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Wednesday, 21 October 2020

Kerrys Corner #6 with Kerry Barnes: J S Bach


Hello Music Lovers! Welcome to another edition of KERRY’S CORNER …..where I delve into the lives and works of the Great Composers, today, it’s all about

J. S. B A C H.


Bach quite simply is the king of Sacred Music. He wrote for the German protestant liturgy, mainly cantatas, keyboard and instrumental music.

Schubert once said of him “Bach has done everything completely, he was a man through and through! (Schubert was born over 40 years after Bach’s death).

Many people have thought that Bach’s music fulfils a profound spiritual need and has an ‘other worldly’ quality to it. (I’ve been trying to tell my mum that for years, but she still can’t stand his music!)

Bach’s life was dominated by his devotion to the Lutheran faith, and his music was dedicated to its service.

He didn’t much like travelling (unlike his peers) and spent his whole composing life in his native Germany, and mostly in the region of Thuringia and Saxony. He came from a long line of organists and choir masters etc. and his father Ambrosius was himself employed as a musician by the town council of Eisenach.

Bach lost both his parents by the age of 10, (how tragic) so he was sent off to live with his elder married brother J.C. Bach and stayed until the age of 15. He then obtained a free place at St. Michael’s school in Luneberg 200 miles away in north Germany. There, he benefitted from a solid musical education and also sang in the choir.

(The organ Bach would have played)

At age 17 he returned to Thuringia to look for a job (is this still the man who wrote the 48 Preludes and Fugues, scratching round for a job!)

Initially he found a post as a violinist in a Weimar court, he got a bit fed up with that and began composing like a mad man! … (I can relate to this being a mad woman myself) … and it was at this time he made the legendary pilgrimage on foot to Lubeck (260 miles) to hear the celebrated organist Dietrich Buxtehude!!  It must have rubbed off because Bach went on to be a professional organist.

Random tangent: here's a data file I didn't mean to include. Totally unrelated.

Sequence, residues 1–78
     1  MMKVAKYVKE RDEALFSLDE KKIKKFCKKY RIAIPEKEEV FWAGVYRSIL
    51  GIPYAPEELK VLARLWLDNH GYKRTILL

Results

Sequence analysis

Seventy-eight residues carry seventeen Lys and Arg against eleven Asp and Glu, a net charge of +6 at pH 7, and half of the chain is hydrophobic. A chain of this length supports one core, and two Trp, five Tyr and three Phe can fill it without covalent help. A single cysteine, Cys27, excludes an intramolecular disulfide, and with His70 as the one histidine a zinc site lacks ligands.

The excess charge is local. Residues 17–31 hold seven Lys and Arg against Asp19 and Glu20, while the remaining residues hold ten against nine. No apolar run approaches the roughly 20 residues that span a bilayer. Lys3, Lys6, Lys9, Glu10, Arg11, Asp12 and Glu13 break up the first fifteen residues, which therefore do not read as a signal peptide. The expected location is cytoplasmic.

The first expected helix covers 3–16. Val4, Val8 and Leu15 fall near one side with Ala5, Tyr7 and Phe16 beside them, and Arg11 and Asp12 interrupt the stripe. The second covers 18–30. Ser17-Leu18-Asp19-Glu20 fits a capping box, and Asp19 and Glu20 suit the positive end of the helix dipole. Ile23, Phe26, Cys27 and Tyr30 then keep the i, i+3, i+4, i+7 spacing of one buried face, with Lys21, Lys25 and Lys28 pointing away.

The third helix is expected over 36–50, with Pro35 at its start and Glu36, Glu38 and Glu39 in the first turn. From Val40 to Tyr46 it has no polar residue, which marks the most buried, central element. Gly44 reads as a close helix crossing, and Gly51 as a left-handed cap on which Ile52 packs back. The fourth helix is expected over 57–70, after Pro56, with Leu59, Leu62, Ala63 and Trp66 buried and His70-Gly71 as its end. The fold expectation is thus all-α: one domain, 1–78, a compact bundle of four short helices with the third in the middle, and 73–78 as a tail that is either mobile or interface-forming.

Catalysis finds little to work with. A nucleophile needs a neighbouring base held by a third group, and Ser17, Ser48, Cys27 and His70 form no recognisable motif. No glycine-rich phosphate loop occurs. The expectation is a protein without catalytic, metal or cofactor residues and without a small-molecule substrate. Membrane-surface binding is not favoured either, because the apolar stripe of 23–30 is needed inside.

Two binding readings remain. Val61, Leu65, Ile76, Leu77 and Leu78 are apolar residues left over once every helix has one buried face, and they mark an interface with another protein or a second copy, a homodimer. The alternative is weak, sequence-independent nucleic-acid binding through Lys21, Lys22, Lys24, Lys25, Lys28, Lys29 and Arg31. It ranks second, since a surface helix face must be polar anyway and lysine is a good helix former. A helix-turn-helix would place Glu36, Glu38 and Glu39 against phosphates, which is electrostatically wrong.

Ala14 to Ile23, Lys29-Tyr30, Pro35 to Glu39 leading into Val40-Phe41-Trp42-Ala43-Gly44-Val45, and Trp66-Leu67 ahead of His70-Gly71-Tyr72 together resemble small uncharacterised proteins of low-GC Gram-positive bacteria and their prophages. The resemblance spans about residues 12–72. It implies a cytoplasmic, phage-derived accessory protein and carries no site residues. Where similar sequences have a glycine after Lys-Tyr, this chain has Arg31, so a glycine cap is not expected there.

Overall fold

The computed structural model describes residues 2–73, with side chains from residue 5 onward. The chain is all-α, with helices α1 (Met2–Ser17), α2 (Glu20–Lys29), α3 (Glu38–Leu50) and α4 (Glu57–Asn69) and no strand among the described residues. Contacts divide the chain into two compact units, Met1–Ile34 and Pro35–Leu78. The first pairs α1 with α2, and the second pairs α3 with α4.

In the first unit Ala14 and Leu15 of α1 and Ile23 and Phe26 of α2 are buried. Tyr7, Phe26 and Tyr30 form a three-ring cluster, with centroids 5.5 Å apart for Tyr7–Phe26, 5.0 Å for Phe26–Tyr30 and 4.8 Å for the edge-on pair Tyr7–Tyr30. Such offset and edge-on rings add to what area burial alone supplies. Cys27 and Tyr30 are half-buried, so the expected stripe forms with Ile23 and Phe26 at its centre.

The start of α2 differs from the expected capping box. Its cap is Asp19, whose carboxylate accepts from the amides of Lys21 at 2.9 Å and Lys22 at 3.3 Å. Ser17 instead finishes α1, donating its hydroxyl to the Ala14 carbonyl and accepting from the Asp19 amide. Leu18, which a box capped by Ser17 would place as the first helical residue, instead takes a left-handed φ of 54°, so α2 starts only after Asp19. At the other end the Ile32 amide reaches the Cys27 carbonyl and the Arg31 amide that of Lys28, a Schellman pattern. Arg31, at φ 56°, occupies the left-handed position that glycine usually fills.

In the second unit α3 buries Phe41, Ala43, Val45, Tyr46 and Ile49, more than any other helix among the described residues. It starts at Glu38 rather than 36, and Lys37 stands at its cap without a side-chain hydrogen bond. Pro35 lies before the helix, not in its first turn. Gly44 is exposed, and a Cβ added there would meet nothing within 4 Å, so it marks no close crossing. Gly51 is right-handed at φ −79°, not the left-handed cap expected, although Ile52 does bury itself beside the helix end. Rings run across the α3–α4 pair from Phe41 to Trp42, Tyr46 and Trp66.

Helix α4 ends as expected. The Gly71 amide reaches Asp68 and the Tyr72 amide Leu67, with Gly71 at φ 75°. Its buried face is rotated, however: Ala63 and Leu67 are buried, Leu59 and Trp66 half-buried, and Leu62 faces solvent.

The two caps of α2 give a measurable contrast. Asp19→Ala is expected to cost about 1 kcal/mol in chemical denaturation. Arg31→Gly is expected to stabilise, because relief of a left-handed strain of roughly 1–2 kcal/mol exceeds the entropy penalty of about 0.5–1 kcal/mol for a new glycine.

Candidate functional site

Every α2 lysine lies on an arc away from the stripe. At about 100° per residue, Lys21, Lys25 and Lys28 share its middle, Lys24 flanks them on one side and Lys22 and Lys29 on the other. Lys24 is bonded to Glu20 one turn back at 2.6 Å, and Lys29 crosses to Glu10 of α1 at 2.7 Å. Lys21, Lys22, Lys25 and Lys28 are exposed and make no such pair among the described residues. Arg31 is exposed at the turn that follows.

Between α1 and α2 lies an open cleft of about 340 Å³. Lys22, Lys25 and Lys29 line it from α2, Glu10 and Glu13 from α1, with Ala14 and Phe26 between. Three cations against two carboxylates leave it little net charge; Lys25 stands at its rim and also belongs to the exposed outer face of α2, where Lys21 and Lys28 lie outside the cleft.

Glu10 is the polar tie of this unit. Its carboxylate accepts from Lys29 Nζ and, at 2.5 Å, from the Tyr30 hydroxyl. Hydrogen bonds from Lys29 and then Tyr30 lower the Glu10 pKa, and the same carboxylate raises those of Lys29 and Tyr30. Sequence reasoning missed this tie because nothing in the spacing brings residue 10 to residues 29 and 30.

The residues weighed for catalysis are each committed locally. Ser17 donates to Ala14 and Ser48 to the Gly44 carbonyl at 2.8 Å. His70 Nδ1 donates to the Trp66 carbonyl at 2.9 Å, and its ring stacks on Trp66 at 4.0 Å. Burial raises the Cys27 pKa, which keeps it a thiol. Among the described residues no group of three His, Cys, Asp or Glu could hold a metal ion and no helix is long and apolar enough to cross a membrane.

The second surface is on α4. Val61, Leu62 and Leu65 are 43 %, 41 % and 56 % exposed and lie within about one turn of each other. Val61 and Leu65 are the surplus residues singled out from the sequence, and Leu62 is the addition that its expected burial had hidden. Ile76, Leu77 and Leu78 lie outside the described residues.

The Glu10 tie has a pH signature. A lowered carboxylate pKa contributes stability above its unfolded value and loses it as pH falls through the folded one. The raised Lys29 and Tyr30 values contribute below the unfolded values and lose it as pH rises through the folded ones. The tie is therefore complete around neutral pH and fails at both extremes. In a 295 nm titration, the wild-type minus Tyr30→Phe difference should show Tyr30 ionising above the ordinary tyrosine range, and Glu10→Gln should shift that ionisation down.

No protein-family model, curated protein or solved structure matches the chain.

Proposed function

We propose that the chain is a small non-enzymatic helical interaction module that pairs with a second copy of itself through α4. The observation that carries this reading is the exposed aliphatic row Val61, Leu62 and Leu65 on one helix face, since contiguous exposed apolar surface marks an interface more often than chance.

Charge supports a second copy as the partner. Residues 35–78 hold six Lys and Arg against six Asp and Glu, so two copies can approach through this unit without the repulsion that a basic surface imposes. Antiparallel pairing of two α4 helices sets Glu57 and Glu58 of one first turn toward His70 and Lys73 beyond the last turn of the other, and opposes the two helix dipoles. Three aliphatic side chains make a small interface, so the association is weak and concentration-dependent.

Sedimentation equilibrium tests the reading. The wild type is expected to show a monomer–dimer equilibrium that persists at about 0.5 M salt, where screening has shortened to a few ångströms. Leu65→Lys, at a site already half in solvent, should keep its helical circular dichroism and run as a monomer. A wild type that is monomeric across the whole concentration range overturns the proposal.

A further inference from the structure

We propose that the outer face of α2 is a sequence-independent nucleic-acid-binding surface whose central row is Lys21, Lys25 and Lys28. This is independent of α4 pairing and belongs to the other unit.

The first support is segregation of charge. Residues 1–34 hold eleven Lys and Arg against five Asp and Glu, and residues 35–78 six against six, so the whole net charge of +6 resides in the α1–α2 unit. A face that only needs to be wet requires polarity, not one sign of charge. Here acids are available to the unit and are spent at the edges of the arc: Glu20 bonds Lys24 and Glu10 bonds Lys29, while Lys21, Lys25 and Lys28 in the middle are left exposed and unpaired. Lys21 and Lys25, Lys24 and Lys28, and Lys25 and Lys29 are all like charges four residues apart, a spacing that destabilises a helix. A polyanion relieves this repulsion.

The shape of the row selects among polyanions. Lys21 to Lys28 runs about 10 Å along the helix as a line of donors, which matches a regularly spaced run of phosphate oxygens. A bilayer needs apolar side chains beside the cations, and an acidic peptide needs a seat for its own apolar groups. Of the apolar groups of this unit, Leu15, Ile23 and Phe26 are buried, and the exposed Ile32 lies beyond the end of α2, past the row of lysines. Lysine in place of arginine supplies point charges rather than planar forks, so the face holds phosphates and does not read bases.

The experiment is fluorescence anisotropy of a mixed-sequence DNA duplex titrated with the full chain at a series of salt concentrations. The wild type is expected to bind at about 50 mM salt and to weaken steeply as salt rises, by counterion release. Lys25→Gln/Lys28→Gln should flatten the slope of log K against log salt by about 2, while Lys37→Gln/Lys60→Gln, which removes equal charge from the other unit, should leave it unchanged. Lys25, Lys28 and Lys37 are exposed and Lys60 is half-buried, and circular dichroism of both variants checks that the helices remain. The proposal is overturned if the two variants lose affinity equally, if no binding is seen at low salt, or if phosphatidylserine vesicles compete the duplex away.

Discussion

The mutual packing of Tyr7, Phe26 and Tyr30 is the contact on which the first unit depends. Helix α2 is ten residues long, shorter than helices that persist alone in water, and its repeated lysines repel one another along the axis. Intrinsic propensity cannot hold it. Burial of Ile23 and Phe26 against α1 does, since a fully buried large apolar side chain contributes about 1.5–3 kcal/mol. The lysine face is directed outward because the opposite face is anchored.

It was also at this time that he married his second cousin (is that still legal?).

Her name was Maria Barbara Bach and they went on to have 6 children of whom C.P.E. Bach bridged the gap between late Baroque and early Classical eras … so it kind of went CPE /Haydn.

1721 was the year of the Brandenburg Concertos, (I’ve always longed to play the continuo- harpsichord part in one of those, oh, and the powdered wig)

Can you believe that Bach composed over 200 Cantatas, he must have been at it all day!

One of my favourites of his is the Double Violin Concerto, I once saw a video of David Oistrach and Yehudi Menuhin playing it in black and white film, amazing.

Bach’s composing sprees were still going at top speed with additions like orchestral works, harpsichord sonatas and cello suites; whenever I hear the G major one, I immediately think of the film ‘Hangover 2’ where Teddy lost his finger and will no more be able to play it.

Being a German, Bach was very fond of the Italian styles of Corelli and Vivaldi and immersed himself in the intense study of them.

In May 1720, Bach’s wife died suddenly, but it didn’t take him long to find another girlfriend, whom he married the following year. His bride … Anna Magdalena. She proved to be a great asset to her husband and was herself a great musician, playing the harpsichord, singing and more. They went on to have 13 more children! (oh, that poor woman’s uterus) … but he still found time to compose the mega body of work that are the Preludes and Fugues, the staple repertoire of all great pianists. (I saw Andrass Schiff play them all from memory) … another little story if I may … many years ago I went to the Wigmore Hall in London to see a performance of Bach’s St. Matthew Passion, and my boyfriend at the time fell asleep 15 minutes in … just as well we were sitting right at the back (of course I was riveted).

Due to the nature of relationships, Bach’s career became rather fragile, so he decided to move to Leipzig where he carried on composing till his death 27 years later. He took on some teaching work and wrote 250 works for the church there. Among his last major works were the Goldberg Variations for harpsichord, of which I had the privilege of seeing Virginia Black perform in London too (the finest harpsichord player England ever had).

Very sadly, towards his death Bach became almost totally blind, how awful for a prolific scribbler.

He will always remain one of the world’s most revered composers that ever lived. Rock on man!


  1. A Master, for sure and Kerry's comments are hilarious:)

    1. Glad you enjoyed the article Rada!!
      Yes, I've always found humour in music!!